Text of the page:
First it was body armor. Boots with laces. Pants instead of trunks with tights. Captain America in a helmet instead of a hood. But even the characters who aren’t armored up were suddenly covered in extraneous seams and details. Costumes that had once been iconic in their very simplicity, like Barry Allen’s Flash suit, were covered in lines. When the New 52 launched, the overreliance on lines, seams, and high collars was widely mocked, and DC has backed off of it to a degree in the years since, but it’s an aesthetic choice that isn’t entirely going away, as much as we might think that it’s baffling.

 

 

A related problem is the heroes who just don’t wear superhero costumes anymore. Clint Barton/Hawkeye is a perfect example. Ever since the first Avengers movie, he’s dressed the same in the comics as he did there: Sunglasses and nondescript body armor. Obviously, in a book like the Matt Fraction/David Aja Hawkeye, it makes sense for Clint to do his thing in a T-shirt and jeans. But when he’s active as an Avenger, why can’t he wear a purple cowl and buccaneer boots?

I’m biased on this, because his classic costume is one of my all-time favorites, but I just don’t understand the necessity of the change. Clint Barton is a man who made a conscious choice to become a superhero, and who looks up to Captain America as an inspirational mentor. So why wouldn’t he wear a superhero costume in a style similar to Cap’s? Of course neither of the current Captain Americas wear buccaneer boots either, so I guess my ideas are just outdated.

And okay, I’m going to bring gender and sexuality into this. As queer culture moves closer to the mainstream, there’s a defensive tendency within conventional heterosexual masculinity to maintain its distance from anything that resembles queerness. Or as straight guys put it, “no homo.” So I have a hard time looking at a bunch of superheroes (mostly straight men written and drawn by straight men) who used to wear colorful tights and short shorts, and who now wear military boots and body armor, without suspecting sexuality is a factor to some degree. I’m absolutely not saying that every guy who prefers army boots to buccaneer boots is a homophobe, but as a larger trend within the culture of superhero comics, I think it’s worth examining.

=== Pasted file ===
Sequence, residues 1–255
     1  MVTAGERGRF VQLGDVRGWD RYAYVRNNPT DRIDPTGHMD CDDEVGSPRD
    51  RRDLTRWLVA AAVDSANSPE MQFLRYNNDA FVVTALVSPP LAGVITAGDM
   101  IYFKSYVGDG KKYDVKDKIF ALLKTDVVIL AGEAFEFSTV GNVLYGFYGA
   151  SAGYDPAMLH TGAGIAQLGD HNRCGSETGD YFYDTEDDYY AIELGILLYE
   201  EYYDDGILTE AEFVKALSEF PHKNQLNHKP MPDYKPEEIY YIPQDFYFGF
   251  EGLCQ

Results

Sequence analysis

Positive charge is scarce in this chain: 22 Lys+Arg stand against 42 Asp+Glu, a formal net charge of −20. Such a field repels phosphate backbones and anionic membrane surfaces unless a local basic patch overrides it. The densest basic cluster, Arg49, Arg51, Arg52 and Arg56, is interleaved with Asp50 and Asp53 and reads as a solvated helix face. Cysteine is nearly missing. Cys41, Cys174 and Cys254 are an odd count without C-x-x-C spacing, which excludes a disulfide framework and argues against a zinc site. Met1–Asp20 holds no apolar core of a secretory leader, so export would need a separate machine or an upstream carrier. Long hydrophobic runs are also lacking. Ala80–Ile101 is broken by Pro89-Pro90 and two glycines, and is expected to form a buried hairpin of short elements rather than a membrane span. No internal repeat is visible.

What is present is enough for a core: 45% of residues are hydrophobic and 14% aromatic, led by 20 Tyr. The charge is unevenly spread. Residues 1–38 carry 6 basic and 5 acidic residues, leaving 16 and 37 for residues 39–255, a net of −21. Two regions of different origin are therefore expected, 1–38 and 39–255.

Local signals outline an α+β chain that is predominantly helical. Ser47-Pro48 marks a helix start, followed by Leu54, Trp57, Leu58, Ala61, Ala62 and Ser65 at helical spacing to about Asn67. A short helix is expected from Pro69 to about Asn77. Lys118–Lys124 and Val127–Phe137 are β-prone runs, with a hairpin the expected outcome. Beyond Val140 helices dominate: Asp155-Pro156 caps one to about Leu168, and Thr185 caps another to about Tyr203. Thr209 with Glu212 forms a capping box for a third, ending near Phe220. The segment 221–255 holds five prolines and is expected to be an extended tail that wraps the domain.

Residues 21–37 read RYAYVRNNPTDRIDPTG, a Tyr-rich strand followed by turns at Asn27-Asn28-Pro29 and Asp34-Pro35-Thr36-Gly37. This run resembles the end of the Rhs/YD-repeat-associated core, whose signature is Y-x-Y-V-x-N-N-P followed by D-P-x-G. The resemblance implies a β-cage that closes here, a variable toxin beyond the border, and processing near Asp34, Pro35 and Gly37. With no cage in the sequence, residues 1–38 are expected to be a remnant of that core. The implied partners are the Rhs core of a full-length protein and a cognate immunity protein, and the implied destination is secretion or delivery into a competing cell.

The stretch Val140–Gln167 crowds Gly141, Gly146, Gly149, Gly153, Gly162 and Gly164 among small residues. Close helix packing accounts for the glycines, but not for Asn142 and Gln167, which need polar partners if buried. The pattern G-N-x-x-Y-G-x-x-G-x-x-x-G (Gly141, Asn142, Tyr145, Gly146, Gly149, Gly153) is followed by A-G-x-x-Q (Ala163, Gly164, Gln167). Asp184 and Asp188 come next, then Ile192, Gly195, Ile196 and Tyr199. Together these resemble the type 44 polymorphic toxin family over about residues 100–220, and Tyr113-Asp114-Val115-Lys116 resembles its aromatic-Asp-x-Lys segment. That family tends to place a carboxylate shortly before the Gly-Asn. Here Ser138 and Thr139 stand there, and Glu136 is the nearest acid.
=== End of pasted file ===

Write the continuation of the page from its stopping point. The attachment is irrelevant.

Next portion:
But here’s the big thing about superhero costumes: I look at so many of them now, and I think about the previous versions, and I wonder what has been gained. I know this is subjective, but I also know I’m not the only one who feels this way.

 

 

How is hooded Shazam with that big yellow triangle and the apparent well of actual lightning in his chest cooler-looking than C.C. Beck’s iconic Captain Marvel, whose costume is simple and perfect?

 

 

How is Steve Rogers’ new costume better than the one Jack Kirby and Joe Simon created, which endured for decades before Marvel decided to start messing with it?

 

 

And of course there’s Spider-Man, who looks almost the same as he always has, except that now his spider insignia is backlit in green! Who decided that made sense?

I don’t mean to imply that every male superhero costume these days is terrible. I’m a big fan of the Miles Morales Spider-Man suit, and Batman’s looking pretty cool in Rebirth, while Aquaman totally still looks like Aquaman. It’s just that there are trends I’m not thrilled about, and I think it would be beneficial to accept that comics are not movies, and the same aesthetic rules don’t have to apply.

And as long as we’re accepting things, it may be time to adjust to the fact that some male characters are meant to wear tights.